disclosures of which are hereby incorporated by reference herein.

Claims  

The invention claimed is:

 1.  An article of furniture comprising a frame having the shape of an article of furniture, said frame forming at least a seat portion and a plurality of legs extending
away from the seat portion, and a woven panel of synthetic polymer material attached to at least said seat portion of said frame for supporting an occupant, said woven portion comprising a plurality of synthetic polymer first yarns woven together with a
plurality of synthetic polymer second yarns, at least one of said first and second yarns comprising first and second elongated strands of synthetic polymer material twisted together over their length, wherein said woven panel has a wicker like
appearance.


 2.  The article of claim 1, wherein said first and second yarns are adhered to each other over portions of their outer surfaces along their length.


 3.  The article of claim 1, wherein said first yarn comprises first and second elongated strands of polymer material twisted together over their length, and said second yarn comprises third and fourth elongated yarns of polymer material twisted
together over their entire length.


 4.  An article of furniture adapted for use in an outdoor environment comprising a frame having the shape of an article of furniture, said frame forming a seat portion, a backrest portion and a plurality of legs extending away from the seat
portion, and a woven panel of synthetic polymer material attached to at least one of said seat portion and said backrest portion of said frame for supporting an occupant, said woven portion comprising a plurality of synthetic polymer first yarns woven
together with a plurality of synthetic polymer second yarns, at least one of said first and second yarns comprising first and second elongated strands of synthetic polymer material twisted together over their length, wherein said woven panel has a
wicker-like appearance.  Description  

BACKGROUND OF THE INVENTION


The present invention relates in general to the field of furniture constructed with synthetic woven material, and more particularly, to methods of stabilizing synthetic yarns of multiple filaments such as twisted yarns and woven synthetic yarn
material using heat treatment during the manufacturing process.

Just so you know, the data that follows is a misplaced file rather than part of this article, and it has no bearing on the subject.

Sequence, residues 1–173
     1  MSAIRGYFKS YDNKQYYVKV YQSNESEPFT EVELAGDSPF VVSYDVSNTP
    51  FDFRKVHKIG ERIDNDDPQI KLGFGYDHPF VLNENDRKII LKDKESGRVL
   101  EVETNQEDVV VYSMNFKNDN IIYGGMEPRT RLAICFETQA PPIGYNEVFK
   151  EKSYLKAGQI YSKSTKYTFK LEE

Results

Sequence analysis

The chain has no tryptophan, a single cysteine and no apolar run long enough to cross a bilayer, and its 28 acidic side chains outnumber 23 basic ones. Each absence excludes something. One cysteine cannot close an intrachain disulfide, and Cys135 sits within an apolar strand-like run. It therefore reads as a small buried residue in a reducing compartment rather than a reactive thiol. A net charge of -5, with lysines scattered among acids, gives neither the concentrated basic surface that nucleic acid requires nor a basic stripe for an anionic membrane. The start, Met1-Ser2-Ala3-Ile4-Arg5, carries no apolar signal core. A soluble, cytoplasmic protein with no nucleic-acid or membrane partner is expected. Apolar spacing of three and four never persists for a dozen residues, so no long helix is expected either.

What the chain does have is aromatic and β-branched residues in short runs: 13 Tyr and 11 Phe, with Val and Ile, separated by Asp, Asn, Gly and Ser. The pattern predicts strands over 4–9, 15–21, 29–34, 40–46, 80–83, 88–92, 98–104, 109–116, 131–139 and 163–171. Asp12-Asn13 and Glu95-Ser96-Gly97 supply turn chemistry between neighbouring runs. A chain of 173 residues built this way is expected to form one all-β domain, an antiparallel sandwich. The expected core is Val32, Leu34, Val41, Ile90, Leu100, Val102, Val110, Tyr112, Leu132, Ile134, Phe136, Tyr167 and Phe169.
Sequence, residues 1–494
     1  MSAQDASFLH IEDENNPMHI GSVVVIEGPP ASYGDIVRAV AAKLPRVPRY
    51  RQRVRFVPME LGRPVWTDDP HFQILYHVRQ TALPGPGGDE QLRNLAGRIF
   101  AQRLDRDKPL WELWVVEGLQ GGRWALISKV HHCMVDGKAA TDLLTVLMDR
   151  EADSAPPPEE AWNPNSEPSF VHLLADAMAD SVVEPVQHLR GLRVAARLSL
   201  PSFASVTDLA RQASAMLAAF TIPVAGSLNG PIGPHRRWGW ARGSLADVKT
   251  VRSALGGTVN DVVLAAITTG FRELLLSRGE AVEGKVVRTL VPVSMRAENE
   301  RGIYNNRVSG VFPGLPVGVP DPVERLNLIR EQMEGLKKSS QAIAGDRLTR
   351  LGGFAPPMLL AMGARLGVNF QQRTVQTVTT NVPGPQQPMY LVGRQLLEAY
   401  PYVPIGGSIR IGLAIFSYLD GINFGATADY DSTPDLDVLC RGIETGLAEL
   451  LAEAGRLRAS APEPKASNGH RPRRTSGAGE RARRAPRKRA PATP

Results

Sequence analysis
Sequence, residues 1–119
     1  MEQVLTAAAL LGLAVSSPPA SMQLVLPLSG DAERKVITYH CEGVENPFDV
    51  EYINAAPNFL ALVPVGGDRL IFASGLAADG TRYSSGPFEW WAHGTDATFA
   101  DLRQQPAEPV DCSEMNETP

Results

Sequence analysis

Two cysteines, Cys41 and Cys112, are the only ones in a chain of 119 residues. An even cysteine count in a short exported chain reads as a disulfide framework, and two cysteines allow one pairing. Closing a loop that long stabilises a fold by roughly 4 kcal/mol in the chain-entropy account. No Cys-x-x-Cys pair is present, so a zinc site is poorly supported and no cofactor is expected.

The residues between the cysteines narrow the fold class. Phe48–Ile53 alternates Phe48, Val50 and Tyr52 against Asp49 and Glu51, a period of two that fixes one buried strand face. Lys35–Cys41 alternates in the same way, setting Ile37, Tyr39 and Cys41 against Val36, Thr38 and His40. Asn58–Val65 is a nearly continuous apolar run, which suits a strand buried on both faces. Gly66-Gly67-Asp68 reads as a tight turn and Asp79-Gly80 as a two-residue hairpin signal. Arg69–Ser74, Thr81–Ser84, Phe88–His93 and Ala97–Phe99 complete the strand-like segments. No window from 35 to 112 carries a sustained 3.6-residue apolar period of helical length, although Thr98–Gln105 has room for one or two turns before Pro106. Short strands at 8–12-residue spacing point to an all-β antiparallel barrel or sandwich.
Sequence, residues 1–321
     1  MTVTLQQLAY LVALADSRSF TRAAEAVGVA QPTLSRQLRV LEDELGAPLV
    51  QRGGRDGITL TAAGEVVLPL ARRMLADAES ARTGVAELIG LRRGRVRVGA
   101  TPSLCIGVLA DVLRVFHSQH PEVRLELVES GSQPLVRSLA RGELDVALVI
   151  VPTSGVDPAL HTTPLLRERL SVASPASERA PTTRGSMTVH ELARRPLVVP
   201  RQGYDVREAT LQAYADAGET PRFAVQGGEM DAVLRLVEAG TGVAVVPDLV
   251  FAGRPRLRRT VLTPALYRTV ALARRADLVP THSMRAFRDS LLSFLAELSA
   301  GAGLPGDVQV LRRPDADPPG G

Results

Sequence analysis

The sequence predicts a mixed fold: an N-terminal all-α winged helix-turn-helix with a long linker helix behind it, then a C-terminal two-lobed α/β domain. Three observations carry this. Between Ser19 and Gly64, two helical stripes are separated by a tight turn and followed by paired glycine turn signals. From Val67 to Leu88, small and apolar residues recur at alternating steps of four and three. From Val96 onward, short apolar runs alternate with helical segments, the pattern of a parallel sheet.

Natural wicker has been used in the manufacture of furniture, baskets and other articles for many centuries.  Natural wicker articles are manufactured from the twigs or branches of various plants that are first soaked in water in order to make
them pliable, then woven to form into the article and finally allowed to dry.  Furniture manufactured from wicker offers greater comfort than furniture manufactured from some other materials because of wicker's inherent compliancy.  Further, wicker is
light weight and reasonably strong, making it an important material in the manufacture of furniture.


The popularity of wicker furniture has increased significantly.  The casual, informal appearance of wicker has made it especially popular for use in enclosed porches and other informal settings in homes, hotels and other establishments.  Natural
wicker, however, has had limited use in the outdoor furniture market, including patio furniture, pool furniture and the like.  This is because natural wicker softens and weakens when wet, and is more susceptible to rotting and mildew than many other
natural and man-made furniture materials.


Woven wicker typically comprises a warp yarn, i.e., a yarn running straight through the woven material and providing support, and a weft yarn, i.e., a yarn used as filler that is woven around the warp yarn.  Numerous styles of weave are used in
the manufacture of wicker furniture.  The various styles of weave result in a different look, feel, strength and weight of the finished woven product.  In a simple weave pattern, the warp yarns are spaced apart and arranged parallel to each other.  The